Within the next week, the 49ers will have almost all of the information needed to make their decision.
After attending the second pro day for Alabama quarterback Mac Jones two weeks ago, coach Kyle Shanahan and general manager John Lynch are expected to be in attendance Wednesday at Ohio State to watch Justin Fields’ second public throwing session.
Shanahan and Lynch will conclude their quarterback tour next Monday with a showcase of North Dakota State quarterback Trey Lance.
The game film shows the 49ers a lot of what they need to know about the players they are considering with the No. 3 overall pick in the 2021 NFL Draft to ultimately replace Jimmy Garoppolo.
In fact, it probably shows them everything about their skills, such as: Arm strength, release time, accuracy, pocket presence, decision-making, timing, athleticism to sidestep or escape a pass rush and passing efficiency from both a clean and congested pocket.
Shanahan said he already knows what to expect when he watches Fields in person.
“I’m excited to see him eventually in person,” Shanahan said on March 29, when he last spoke publicly. “But (we) also got a lot of tape to go off, too. I know he's going to throw it really good in person and be really fast in person, also."
The 49ers will maximize their allotted Zoom meetings with each of the quarterback candidates. At this stage, those interviews and information-gathering sessions are more likely to prompt a quarterback to rise or fall than anything that occurs during the pro days.
They will get a read on the players’ personalities, their passions for the sport, and how each of them embraces the monotony of studying hours upon hours of film.
Shanahan is known to be tough with players during the interviews. He will show bad plays. And he will want to know what happened. He will want the player to explain in precise detail what the play called for, what he saw and why he made the play he did.
He does not want to hear excuses, either, such as from a high-profile player in a recent draft class who blamed a decidedly negative play on his college coaches.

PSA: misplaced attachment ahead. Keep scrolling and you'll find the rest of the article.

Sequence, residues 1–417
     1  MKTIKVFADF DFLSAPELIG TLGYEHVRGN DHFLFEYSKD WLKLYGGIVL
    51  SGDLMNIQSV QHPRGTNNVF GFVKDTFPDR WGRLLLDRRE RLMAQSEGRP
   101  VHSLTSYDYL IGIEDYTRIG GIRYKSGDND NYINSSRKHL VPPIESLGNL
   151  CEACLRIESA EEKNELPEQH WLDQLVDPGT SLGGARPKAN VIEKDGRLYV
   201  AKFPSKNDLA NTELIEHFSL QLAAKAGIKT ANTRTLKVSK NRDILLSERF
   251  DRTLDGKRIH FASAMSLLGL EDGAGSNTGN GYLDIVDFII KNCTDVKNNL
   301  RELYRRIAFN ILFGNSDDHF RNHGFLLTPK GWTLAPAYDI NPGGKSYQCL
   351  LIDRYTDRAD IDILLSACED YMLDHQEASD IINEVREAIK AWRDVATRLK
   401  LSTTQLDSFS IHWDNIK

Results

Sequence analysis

Shanahan will dig and dig until he gets a good feel for how a player is apt to handle tough coaching. And, then, he will move on to the next play and the next for more interrogations.
Quarterback is unlike any other position in sports. The requirements of the position do not end with how a player performs on the field.
Shanahan and Lynch will study everything about Fields and Lance, just as they did Jones on their March 30 visit to Tuscaloosa, Alabama.
Fields and Lance reportedly will incorporate some of the staples of Shanahan’s offense, as well as some of his preferred drills, into their workouts. All 32 teams in the NFL are allowed to attend these additional pro days, but these extra sessions are being specifically designed with the 49ers in mind.
After all, Trevor Lawrence will be the No. 1 overall pick. It appears to be a foregone conclusion the New York Jets will select BYU quarterback Zach Wilson at No. 2.
That leaves Fields, Lance and Jones as the only legitimate options for the 49ers with the No. 3 overall selection.
There will be no surprises during these workouts. The 49ers already know what they are going to see, based on studying each of the quarterbacks the past two seasons.
The 49ers’ scrutiny of the prospects will now include examinations of their less-tangible attributes. They will see how the quarterbacks command their performances, how they interact with teammates. They will be interested to see the body language of the prospects if they miss a throw.
There is no computer program that spits out the specs for the best quarterback decision. The 49ers will ultimately rely on equal parts what they see on film from college and how they expect the players to handle the demands at the next level.
Shanahan and Lynch will be seeking to make a connection toward a union that will be largely responsible for the long-term fate of the franchise.
And that is not hyperbole.
If the quarterback they select at No. 3 turns out to be a failure, Shanahan and Lynch will have failed, too.